Persius, in full Aulus Persius Flaccus, was a Roman poet and satirist of Etruscan origin. In his works and satires, he shows a stoic wisdom and a strong criticism for what he considered to be the stylistic abuses of his poetic contemporaries, his works, which became popular in the Middle Ages, were published after his death by his friend and mentor, the stoic philosopher Lucius Annaeus Cornutus. According to the Life contained in the manuscripts, Persius was born into an equestrian family at Volterra, a small Etruscan city in the province of Pisa, of good stock on both parents' side; when six years old he lost his father. At the age of twelve Persius came to Rome, where he was taught by Remmius Palaemon and the rhetor Verginius Flavus. During the next four years he developed friendships with the Stoic Lucius Annaeus Cornutus, the lyric poet Caesius Bassus, the poet Lucan. Lucan would become, he became close friends with Thrasea Paetus, the husband of Arria, a relative of Persius's. He met Seneca, but was not impressed by his genius.
In his boyhood, Persius wrote a tragedy dealing with an episode in Roman history, another work on travel. Reading the satires of Lucilius made Persius want to write like him, he set to work on a book of his own satires, but he wrote and slowly. He has been described as having "a gentle disposition, girlish modesty and personal beauty", is said to have lived a life of exemplary devotion towards his mother Fulvia Sisennia, his sister and his aunt. To his mother and sister he left his considerable fortune. Cornutus suppressed all his work except the satires, to which he made some slight alterations before handing it over to Bassus for editing, it proved an immediate success. The scholia add a few details—on what authority is, as with such sources doubtful; the Life itself, though not free from the suspicion of interpolation and undoubtedly corrupt and disordered in places, is trustworthy. The manuscripts say it came from the commentary of Valerius Probus, no doubt a learned edition of Persius like those of Virgil and Horace by this same famous "grammarian" of Berytus, the poet's contemporary.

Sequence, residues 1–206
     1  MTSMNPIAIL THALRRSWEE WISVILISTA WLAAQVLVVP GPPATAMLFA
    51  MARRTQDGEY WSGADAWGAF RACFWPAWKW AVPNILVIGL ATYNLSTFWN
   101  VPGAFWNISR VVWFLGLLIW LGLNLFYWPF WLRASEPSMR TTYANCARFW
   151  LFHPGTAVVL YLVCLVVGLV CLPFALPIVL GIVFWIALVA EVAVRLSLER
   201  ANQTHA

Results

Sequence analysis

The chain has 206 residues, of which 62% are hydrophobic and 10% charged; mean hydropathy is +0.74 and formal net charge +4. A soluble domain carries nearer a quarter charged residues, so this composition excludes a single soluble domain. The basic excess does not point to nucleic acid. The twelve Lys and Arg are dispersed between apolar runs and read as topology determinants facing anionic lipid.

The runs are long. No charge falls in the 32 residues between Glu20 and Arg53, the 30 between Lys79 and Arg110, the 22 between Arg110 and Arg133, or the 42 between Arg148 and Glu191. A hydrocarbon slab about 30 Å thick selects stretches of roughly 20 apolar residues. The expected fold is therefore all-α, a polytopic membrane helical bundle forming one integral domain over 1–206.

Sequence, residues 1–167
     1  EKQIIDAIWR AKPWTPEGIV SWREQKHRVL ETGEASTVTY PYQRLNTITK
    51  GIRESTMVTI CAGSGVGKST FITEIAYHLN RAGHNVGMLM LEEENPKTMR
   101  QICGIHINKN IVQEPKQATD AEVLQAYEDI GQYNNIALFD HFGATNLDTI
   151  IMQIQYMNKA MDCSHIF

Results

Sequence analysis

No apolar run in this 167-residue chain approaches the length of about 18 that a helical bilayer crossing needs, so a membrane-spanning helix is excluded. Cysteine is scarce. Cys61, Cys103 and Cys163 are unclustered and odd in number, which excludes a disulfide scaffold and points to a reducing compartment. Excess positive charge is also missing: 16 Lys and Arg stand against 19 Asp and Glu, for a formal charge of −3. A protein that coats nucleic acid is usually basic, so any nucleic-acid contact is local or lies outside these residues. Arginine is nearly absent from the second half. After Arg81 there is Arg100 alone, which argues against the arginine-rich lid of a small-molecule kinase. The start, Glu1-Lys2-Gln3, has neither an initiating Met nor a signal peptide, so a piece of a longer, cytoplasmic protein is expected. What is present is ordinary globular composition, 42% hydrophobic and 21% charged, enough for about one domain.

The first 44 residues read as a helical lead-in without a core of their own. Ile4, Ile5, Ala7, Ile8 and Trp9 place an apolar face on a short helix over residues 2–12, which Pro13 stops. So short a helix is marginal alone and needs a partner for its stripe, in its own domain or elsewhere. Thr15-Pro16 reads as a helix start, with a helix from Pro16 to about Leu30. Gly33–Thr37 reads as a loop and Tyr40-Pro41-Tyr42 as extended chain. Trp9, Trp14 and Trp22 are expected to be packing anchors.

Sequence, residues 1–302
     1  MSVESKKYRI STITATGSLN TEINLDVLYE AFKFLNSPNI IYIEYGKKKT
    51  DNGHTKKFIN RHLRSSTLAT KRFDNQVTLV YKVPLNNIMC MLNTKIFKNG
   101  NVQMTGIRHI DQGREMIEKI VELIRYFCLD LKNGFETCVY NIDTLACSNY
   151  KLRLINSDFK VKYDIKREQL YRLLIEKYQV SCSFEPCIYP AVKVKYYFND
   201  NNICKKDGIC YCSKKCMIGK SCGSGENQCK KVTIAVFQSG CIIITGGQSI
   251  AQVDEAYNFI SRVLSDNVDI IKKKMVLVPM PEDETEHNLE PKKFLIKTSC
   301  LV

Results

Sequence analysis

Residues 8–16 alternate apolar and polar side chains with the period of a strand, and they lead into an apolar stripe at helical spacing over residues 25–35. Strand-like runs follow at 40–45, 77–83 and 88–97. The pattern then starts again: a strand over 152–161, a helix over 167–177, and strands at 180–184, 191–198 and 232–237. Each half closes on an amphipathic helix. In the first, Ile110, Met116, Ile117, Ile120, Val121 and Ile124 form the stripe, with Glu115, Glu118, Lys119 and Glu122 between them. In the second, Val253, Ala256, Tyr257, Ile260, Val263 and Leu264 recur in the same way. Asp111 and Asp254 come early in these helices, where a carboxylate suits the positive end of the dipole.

The only case in which it seems to conflict with the Satires themselves is in its statement as to the death of Persius's father. The declaiming of a suasoria in his presence implies a more mature age than that of six in the performer, but pater might here mean "stepfather," or Persius may have forgotten his own autobiography, may be reproducing one of his models. The mere fact that the Life and the Satires agree so does not of course prove the authenticity of the former. One of the points of harmony is, too subtle for us to believe that a forger evolved it from the works of Persius: the Life gives the impression of a "bookish" youth, who never strayed far from home and family; this is the picture drawn by the Satires. A keen observer of what occurs within his narrow horizon, Persius did not shy away from describing the seamy side of life the relationship between excesses of consumption and moral failure; the sensitive, homebred nature of Persius can be glimpsed in his frequent references to ridicule, whether of great men by street gamins or of the cultured by philistines.